You are on page 1of 7

G.R. No.

170453

October 30, 2006

NESTOR A. BERNARDINO and CELEDONIA N. TOMAS, petitioners,


vs.
PEOPLE OF THE PHILIPPINES, respondent.
x ---------------------------------------------------- x
G.R. No. 170518

October 30, 2006

EUGELIO G. BARAWID, petitioner,


vs.
PEOPLE OF THE PHILIPPINES, respondent.

DECISION

YNARES-SANTIAGO, J.:
Assailed in these consolidated petitions for review are the September 19, 2005 Decision 1 of the
Sandiganbayan which found petitioners guilty of falsification of public document in Criminal Case No.
27548 and its November 18, 2005 Resolution2 denying petitioners' motion for new trial.
The facts show that petitioner Nestor A. Benardino (Bernardino) was the former Municipal Mayor
of Guimba, Nueva Ecija and Chairman of the PreQualification Bid and Awards Committee (PBAC)
for the construction of the extension of the public market of Guimba; while petitioner Eugelio G.
Barawid (Barawid), a Municipal Treasurer was a member of the PBAC. Petitioner Celedonia N.
Tomas (Tomas) was the PBAC's acting Secretary. The other members of the PBAC were Municipal
Councilors, Ernesto T. Mateo and Benito A. Rillo; Municipal Planning and Development Coordinator
Efren N. Fronda; Municipal Budget Officer Abraham P. Coloma; Municipal Engineer Jose F. Mateo;
Municipal Accountant Renato L. Esquivel; and non-government organization representatives Paulino
G. Quindara and Luis F. Rendon, Jr.
The "Minutes of the opening of bids"3 show that on December 8, 1997, the PBAC members
convened at the Municipal Library of Guimba, Nueva Ecija. The Acting Chairman, assisted by
Commission on Audit (COA) representative Rolando E. Ronquillo (Ronquillo), assessed the
qualifications of the four bidders who participated and thereafter awarded the project to Mascom
Design and Engineering International (MASCOM) whose bid was determined to be the lowest and
most advantageous to the government of Guimba. The Minutes was signed by petitioner Tomas in
her capacity as the acting Secretary of the PBAC.
On the same date, petitioners Bernardino and Barawid and the other PBAC members signed a
"Prequalification Bid and Award Committee"4 stating that "after due deli[b]eration, the committee
resolved as it is hereby resolved, to recommend [the] Award [of the] Contract [to MASCOM] for

offering the lowest [bid]." Their signatures also appear in an "Abstract of Bidding"5 and "Abstract
of Proposal"6 both reflecting the names of the four bidders and their respective bids.
Meanwhile, prior to the construction of the public market extension, prosecution witness Jose Lucius
Pocholo Dizon (Mayor Dizon) was elected Municipal Mayor of Guimba, Nueva Ecija in the May 1998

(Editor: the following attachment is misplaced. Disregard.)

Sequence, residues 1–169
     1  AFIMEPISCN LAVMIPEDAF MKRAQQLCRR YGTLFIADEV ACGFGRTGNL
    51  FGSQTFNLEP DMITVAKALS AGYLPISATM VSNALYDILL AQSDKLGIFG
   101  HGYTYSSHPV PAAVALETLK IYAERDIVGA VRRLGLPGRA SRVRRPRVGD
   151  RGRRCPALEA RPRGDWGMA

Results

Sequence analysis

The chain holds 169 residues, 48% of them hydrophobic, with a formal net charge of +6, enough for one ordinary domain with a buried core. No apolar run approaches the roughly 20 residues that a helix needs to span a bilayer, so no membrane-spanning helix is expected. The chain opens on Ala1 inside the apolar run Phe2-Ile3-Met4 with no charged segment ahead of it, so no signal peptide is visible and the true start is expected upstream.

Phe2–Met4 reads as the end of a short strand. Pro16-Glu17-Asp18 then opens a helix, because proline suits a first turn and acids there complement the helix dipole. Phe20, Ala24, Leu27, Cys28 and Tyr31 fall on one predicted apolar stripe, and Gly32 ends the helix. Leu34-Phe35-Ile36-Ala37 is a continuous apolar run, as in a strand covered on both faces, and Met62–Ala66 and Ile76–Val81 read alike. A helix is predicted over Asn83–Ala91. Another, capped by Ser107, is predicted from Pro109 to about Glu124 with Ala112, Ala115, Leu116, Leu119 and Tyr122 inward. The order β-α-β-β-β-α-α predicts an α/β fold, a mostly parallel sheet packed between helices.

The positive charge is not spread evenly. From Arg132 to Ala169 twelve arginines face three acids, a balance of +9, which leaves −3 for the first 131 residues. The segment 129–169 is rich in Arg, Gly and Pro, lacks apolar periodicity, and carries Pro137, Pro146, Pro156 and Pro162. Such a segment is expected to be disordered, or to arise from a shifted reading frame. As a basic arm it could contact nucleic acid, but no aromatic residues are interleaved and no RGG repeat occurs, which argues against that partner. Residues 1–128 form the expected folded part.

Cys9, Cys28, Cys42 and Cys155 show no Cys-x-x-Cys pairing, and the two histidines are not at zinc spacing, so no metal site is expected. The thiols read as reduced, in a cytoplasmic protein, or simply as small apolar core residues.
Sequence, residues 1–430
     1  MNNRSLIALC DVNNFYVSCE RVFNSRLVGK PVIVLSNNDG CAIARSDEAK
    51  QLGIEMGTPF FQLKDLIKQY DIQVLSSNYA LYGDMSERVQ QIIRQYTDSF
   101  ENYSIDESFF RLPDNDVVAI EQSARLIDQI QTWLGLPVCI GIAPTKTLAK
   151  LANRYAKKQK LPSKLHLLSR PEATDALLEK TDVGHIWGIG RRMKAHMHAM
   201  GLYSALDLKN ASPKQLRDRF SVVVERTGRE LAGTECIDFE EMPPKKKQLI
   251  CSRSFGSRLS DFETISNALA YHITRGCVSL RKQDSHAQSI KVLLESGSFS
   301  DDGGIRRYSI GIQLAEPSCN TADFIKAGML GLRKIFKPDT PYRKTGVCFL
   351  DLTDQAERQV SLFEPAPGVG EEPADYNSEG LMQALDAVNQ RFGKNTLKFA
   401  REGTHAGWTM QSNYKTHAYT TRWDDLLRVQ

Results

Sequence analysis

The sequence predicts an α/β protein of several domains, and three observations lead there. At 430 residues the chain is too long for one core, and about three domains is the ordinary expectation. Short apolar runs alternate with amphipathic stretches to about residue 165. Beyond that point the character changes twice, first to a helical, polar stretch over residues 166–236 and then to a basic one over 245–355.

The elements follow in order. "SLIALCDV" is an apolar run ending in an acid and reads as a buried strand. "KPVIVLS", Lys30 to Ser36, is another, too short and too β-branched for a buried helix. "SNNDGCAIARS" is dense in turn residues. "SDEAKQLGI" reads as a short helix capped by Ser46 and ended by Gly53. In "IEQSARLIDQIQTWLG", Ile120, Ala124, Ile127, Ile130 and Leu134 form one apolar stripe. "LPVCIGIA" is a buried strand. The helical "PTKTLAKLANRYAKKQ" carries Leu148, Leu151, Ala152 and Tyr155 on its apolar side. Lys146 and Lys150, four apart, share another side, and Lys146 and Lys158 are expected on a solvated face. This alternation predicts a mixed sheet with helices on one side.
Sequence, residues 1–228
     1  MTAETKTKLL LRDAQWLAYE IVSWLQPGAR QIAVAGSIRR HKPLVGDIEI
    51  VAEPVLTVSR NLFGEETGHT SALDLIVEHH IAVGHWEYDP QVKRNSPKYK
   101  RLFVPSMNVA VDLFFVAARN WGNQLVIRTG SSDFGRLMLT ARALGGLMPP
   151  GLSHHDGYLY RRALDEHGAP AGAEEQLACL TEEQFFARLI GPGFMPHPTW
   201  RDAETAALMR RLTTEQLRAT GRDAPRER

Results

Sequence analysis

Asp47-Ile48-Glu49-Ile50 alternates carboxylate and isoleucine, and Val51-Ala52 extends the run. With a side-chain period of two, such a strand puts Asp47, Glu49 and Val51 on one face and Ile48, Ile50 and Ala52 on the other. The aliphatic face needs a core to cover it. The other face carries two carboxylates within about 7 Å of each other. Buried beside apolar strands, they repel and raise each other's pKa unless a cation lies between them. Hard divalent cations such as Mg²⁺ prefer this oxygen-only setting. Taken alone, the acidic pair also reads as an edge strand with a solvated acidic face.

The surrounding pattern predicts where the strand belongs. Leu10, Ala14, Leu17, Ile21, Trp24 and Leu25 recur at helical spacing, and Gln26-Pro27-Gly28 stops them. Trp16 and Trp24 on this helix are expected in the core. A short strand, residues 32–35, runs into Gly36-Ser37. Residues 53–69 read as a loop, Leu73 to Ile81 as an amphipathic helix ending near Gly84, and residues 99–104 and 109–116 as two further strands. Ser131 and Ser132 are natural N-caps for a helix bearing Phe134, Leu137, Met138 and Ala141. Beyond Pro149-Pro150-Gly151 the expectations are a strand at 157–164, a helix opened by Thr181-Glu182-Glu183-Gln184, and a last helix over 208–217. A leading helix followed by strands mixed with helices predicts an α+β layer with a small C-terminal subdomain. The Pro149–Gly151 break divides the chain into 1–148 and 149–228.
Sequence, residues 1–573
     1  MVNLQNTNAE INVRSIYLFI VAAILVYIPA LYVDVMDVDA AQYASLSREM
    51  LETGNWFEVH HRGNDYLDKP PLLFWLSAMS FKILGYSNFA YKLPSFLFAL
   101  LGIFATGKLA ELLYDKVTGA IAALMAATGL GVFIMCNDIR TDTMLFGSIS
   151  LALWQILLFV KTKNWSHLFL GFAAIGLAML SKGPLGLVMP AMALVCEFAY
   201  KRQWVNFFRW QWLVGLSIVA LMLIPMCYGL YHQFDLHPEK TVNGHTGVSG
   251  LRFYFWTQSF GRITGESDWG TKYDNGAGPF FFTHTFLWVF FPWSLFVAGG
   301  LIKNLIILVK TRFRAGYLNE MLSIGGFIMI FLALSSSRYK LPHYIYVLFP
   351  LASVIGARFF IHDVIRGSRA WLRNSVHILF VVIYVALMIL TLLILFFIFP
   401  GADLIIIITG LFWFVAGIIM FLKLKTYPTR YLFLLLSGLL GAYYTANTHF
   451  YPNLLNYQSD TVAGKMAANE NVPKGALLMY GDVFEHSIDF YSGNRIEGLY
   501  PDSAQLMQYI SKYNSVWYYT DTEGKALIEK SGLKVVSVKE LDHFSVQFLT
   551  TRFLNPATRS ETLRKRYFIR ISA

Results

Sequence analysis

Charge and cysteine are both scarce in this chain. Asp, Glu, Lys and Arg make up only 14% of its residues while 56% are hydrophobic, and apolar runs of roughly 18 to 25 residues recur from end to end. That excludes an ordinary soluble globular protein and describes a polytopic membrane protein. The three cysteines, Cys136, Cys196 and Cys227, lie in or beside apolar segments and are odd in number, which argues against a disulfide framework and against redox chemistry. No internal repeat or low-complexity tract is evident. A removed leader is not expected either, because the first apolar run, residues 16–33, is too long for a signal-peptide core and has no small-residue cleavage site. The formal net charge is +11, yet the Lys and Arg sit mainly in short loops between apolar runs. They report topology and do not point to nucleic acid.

local elections. He thereafter conducted a public bidding for the construction of the same extension
of the public market and awarded the project to KYRO Builder as the lowest bidder. Consequently,
MASCOM filed before the Office of the Ombudsman a criminal compliant against Mayor Dizon and
petitioner Barawid for violation of Section 3(e) of Republic Act No. 3019, otherwise known as the
Anti-Graft and Corrupt Practices Act.
In his Rejoinder-Affidavit,7 Mayor Dizon contended that the award to KYRO is proper because the
project could not be validly given to MASCOM as there was in fact no competitive public bidding held
on December 8, 1997. In support thereof, he attached the similarly dated June 27, 2000 affidavits 8 of
former PBAC members, namely, Luis F. Rendon, Jr., Paulino G. Quindara, Renato L. Esquivel, Jose
F. Mateo, Ernesto T. Mateo, Efren N. Fronda and Abraham P. Coloma, Jr., stating that no public
bidding was held in connection with the construction of the Guimba public market extension nor was
the local PBAC convened on December 8, 1997. Affiants also declared that the documents in
connection with the alleged bidding were delivered to their residence/office; and that they signed the
same upon the representation of MASCOM's representative that the documents were necessary for
the Philippine National Bank loan application of the municipality in connection with the construction
of the public market.9
On the basis of the admission of the said affiants, the Office of the Ombudsman dismissed the case
against Mayor Dizon and petitioner Barawid and instead filed the instant case for falsification of
public documents under Article 171, paragraph 2 of the Revised Penal Code against all the
members of the PBAC members including the herein petitioners.
The Information charged petitioners and the PBAC members of falsification by making it appear in
the "Minutes of the opening of bids," "Prequalification Bid and Award Committee," "Abstract of